*If you don’t know what a ‘German Bathroom Lady’ is you should probably first go back and read 10 Things You Should Know about Europe.
All caught up? Good.
Yes, well, as I said, things could get worse. And it wasn’t just on me this time, the whole family was involved. How is this possible? Settle in.
We were in Luxembourg, a small, wealthy, cliff-ed country in Europe. They do a lot of banking stuff, help run all of Europe through some European Union group that’s headquartered there, I forget what it’s called…anyway, it’s sort of a fancy place. Even the house we were staying in was inside some kind of World Heritage site that we couldn’t get into without a special code to drop a pylon with glowing red lights into the cobbled street allowing us to drive up the hill.
The actual pylon:
Notice how it appears to mock you, almost like a sentient being…
Pylons were not our friend in general.
Walking through the financial district (which seemed to be the only district) my son briefly brushed against a different metal pylon sticking up out of the street in some kind of town square. Inexplicably, it tipped over and clattered to the ground with the loudest sound you have probably heard in a good while. All foot traffic stopped and stared at the tourists who had broken part of their city.
A man close to us in a business suit raised his eyebrows and rubbed his finger and thumb together to indicate ‘expensive’ and burst our laughing. Others joined in. My son was mortified. I’m pretty sure the man was joking with us but we ‘fixed’ the pylon and hurried a long just the same.
It’s not a big place, so there’s only so many things do to once you’ve broken the downtown core and aren’t able to safely return. But it just so happened that there was this fair going on that weekend that had been held for like the last 600 years on the edge of town. Probably a few less roller coasters in year 1, more like a giant sheep throwing contest or something instead, but it was a sight to see now.
You know those little side shows where carnies make you throw a penny into a floating dish or knock concrete ‘milk bottles’ over, and all of the prizes are $5 Made-in-Taiwan stuffed animals the size of a 12 year old? Luxembourg doesn’t do stuffed animals. They had a ton of these booths, and they had APPLE products as prizes. And I don’t mean iPod shuffles, we’re talking full iMacs sitting there.
And MOTORCYCLES hanging in them like bunches of grapes.
Don’t believe me? I wouldn’t. And yet:
The other thing that was obvious after about 5 minutes is that this entire thing was being run (very efficiently) by Germans. Traveling Europe we saw this all over, especially as we got closer to Christmas. They are VERY good at setting up SMALL BUILDINGS everywhere and loading them up with nutcrackers and beer and winerbrizelschlaffen-type stuff.
They were also staffing the bathrooms, and this particular bathroom was fruitlessly gender-separated in that in the center of the two halves was the bathroom lady’s office and she had both doors thrown wide open. It was the first time I was ever washing my hands in the men’s bathroom and able to look to my left and see my wife and daughters washing their hands about 20 feet away on the women’s side.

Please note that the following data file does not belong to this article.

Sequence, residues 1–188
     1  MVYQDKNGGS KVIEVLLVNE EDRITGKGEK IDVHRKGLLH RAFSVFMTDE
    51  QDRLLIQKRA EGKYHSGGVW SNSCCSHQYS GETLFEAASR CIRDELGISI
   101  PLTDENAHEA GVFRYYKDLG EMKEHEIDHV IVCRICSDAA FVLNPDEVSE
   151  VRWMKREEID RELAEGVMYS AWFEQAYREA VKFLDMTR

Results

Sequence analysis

Also this bathroom was busy, bustling, and bursting with people who had to unload all that beer and winerbrizelschlaffen. So while I was wrapping up with drying my hands, I saw a number of things in quick succession:
(picture a towering woman with Nordic features, bursting out of her office into the men’s room to confront some teenage boys)
GERMAN BATHROOM LADY: “Waz gut?” (apparently inquiring after the quality of their very recent bowel movements)
TEEN BOYS: (looking at each other for an awkward moment): “Uh..ya!” (they say in unison)
GERMAN BATHROOM LADY: (moves to open the door of one of the stalls recently freed up, gestures to a man waiting) “Here! Here!” (he reluctantly enters and she closes him in)
Then she did something really weird: she grabbed a middle aged man (who appeared to be single?) and she told him to ‘wait here’ in German, and then she went and ‘found’ a single lady from the other side and BROUGHT HER INTO THE MEN’S ROOM so that they could meet.
Most awkward thing ever.
So awkward that my son, whom I was waiting for and as a result got to see this public restroom matchmaking happen, in his desperation to finish up and leave this bathroom forever, forgot to flush the toilet.
This did not go unnoticed by you know who.
She pounced on every stall the moment it was vacated to fill it with another needful patron of her kingdom. And yet my son had failed to follow protocol.
She wheeled on him and yelled at him in German. His attempt to escape before something exactly like this happened had backfired, horribly. Again, everyone in Luxembourg stopped to stare and laugh at him.
He had broken Luxembourg, again.
He offered a ‘Uh, oh, sorry, I forgot’ in English and then fled for his life.
I also fled.
For the rest of our trip, every time our son knocked something over or caused any measure of damage anywhere, we’d cry, “Oh no, Ben broke [INSERT COUNTRY]!”
We visited 25 countries on our trip, I’d say that he ‘broke’ at least 15 of them…
My son was 11 at the time of the above story. Ironically I also first visited a foreign bathroom at the age of 11, though this time it was in Russia…